For older people’s housing, the specific scheme format and projected sales rates may be a factor in assessing viability.

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Revision date: 26 03 2015 See previous version

How should viability be considered for brownfield sites in decision-taking?

The National Planning Policy Framework sets out a core planning principle that in decision-taking local planning authorities should encourage the effective use of land by re-using land that has been previously developed (brownfield land), provided that it is not of high environmental value.

Local planning authorities should seek to work with interested parties to promote the redevelopment of brownfield sites, for example Local Enterprise Partnerships.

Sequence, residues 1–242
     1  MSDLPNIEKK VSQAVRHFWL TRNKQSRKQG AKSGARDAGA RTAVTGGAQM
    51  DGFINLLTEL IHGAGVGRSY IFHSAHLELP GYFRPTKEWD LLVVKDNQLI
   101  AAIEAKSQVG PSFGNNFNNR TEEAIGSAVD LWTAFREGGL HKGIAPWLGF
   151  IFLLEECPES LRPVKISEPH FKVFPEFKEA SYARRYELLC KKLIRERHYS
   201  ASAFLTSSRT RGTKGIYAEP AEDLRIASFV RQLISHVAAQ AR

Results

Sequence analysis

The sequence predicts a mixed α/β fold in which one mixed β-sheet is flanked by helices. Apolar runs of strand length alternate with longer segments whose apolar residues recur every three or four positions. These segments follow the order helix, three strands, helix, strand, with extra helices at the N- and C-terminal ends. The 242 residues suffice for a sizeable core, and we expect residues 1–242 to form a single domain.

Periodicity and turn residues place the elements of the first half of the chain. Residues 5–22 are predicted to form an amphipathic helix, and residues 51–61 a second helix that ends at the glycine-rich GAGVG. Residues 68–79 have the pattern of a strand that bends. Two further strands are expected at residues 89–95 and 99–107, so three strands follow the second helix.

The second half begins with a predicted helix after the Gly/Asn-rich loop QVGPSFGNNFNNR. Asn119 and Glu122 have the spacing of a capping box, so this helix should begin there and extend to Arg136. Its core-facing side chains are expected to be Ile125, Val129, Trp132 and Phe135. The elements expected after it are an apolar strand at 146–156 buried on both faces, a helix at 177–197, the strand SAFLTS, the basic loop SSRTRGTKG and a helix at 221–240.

To incentivise the bringing back into use of brownfield sites, local planning authorities should:

  • look at the different funding mechanisms available to them to cover potential costs of bringing such sites back into use
  • take a flexible approach in seeking levels of planning obligations and other contributions to ensure that the combined total impact does not make a site unviable.

See related policy:

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How should the viability of planning obligations be considered in decision-taking?

In making decisions, the local planning authority will need to understand the impact of planning obligations on the proposal. Where an applicant is able to demonstrate to the satisfaction of the local planning authority that the planning obligation would cause the development to be unviable, the local planning authority should be flexible in seeking planning obligations.